Nine people have been arrested or interviewed under caution over Miss Lawrence’s disappearance and police submitted files to the Crown Prosecution Service (CPS) in 2015 in relation to four men who were detained.
But there was insufficient evidence to bring charges against those arrested and no-one has been brought to justice.
Mr Lawrence admits to being frustrated with the lack of progress in the case – particularly that the CPS has said it cannot prosecute any of those arrested.
But he confirmed the police still keep in touch when they receive any new information.
Mr Lawrence says: “Someone out there knows something, and it is almost certainly someone who lives or lived in York.
“They may not be here in the city any more, but I cannot understand why they have not come forward, whatever their loyalties are, when they can see what this has done to a family.”
Just over two years ago in January 2017, North Yorkshire Police announced the inquiry had moved to a “reactive phase”, and the £1m investigation has since been scaled back unless any major leads are forthcoming.
Mr Lawrence confirmed officers spoke to him last month to inform him that potential leads, however speculative, are still continuing to arise.
He says: “Over the years, the police investigation was probably satisfactory, although there have certainly been ups and downs. They have always said that they will never give up.
“I know that they are still there, and that the investigation is still active and there is still an interest to find out what happened to Claudia.”
Mr Lawrence, who has another daughter, Ali, and is separated from his ex-wife, Joan, admits that he has coped throughout the last 10 years “with the support of close friends and the community”.
He has used his experience to campaign for the introduction of what has become known as Claudia’s Law – which will allow families of people missing for more than 90 days to deal with their legal and financial affairs.
Mr Lawrence received an OBE after he was named in the Queen’s Birthday Honours list last year for his work in founding the Guardianship (Missing Persons) Bill.
Previously, the disappearance of a person did not affect the ownership or control of their property and financial affairs.
Claudia’s Law enables a relevant individual to be named as a guardian by a court 90 days after a person has gone missing.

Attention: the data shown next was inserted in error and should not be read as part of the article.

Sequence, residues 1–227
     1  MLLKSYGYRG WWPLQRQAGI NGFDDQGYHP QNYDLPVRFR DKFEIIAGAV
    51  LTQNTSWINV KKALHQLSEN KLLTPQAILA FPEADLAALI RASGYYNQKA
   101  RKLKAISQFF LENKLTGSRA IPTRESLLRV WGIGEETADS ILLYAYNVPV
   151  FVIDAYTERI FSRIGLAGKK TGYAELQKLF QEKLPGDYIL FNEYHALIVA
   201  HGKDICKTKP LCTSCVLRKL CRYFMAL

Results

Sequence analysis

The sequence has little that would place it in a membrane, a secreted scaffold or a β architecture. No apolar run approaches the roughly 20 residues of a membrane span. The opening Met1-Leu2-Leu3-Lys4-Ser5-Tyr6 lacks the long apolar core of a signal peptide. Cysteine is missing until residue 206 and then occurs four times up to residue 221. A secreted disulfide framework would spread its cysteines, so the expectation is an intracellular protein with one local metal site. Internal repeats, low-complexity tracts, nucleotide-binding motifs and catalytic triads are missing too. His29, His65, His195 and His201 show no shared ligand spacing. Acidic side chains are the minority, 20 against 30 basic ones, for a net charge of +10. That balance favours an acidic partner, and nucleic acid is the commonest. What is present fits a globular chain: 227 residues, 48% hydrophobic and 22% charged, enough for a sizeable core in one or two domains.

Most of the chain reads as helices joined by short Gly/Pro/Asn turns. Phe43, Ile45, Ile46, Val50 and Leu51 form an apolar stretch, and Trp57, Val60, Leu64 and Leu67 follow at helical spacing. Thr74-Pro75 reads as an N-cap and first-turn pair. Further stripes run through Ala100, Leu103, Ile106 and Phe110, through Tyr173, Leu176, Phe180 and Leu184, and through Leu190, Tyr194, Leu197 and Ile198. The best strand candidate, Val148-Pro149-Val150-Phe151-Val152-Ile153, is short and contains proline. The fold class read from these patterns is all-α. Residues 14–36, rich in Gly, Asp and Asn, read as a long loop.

The law received Royal Assent in April 2017 and it is due to come into force in July this year.
Mr Lawrence says: “We’re nearly there after so long. Claudia’s Law is to help lots of families – about 2,500 of them waiting for it.”
He moved to York seven-and-half years ago from his previous home in Slingsby, near the market town of Malton.
The decision was in part to keep a close check on his daughter’s terraced house, which Mr Lawrence has refused to sell, in the Heworth neighbourhood of York, but also to pursue a love of singing that he has nurtured since the age of seven.
He continues to be a member of the York Musical Society, and while he does not worship as regularly as he once did at the city’s Minster, he maintains his faith remains undimmed despite his daughter’s disappearance.
Mr Lawrence has also found comfort singing with the Missing People Choir, who got to the final of the Britain’s Got Talent television show in 2017.
He said: “We just meet to be together and sing new songs.
“A lot of people in the street say ‘Oh, we know how you feel’ but of course they don’t. But the other people in the choir do.”
Now aged 72, Mr Lawrence retired last year from his profession as a solicitor, finishing his career at the law firm, Ware and Kay, which is based in Peasholme Green in York.
Close friends will be there once again to help support him on Monday, the day that will mark a decade since the disappearance of his daughter.
Mr Lawrence says he will spend the day “quietly”, reflecting on the passage of time since his daughter vanished.
He adds: “Of course, I do think about Claudia every day, but you do have to carry on with your life as best as you can.
“There is nothing else you can do.”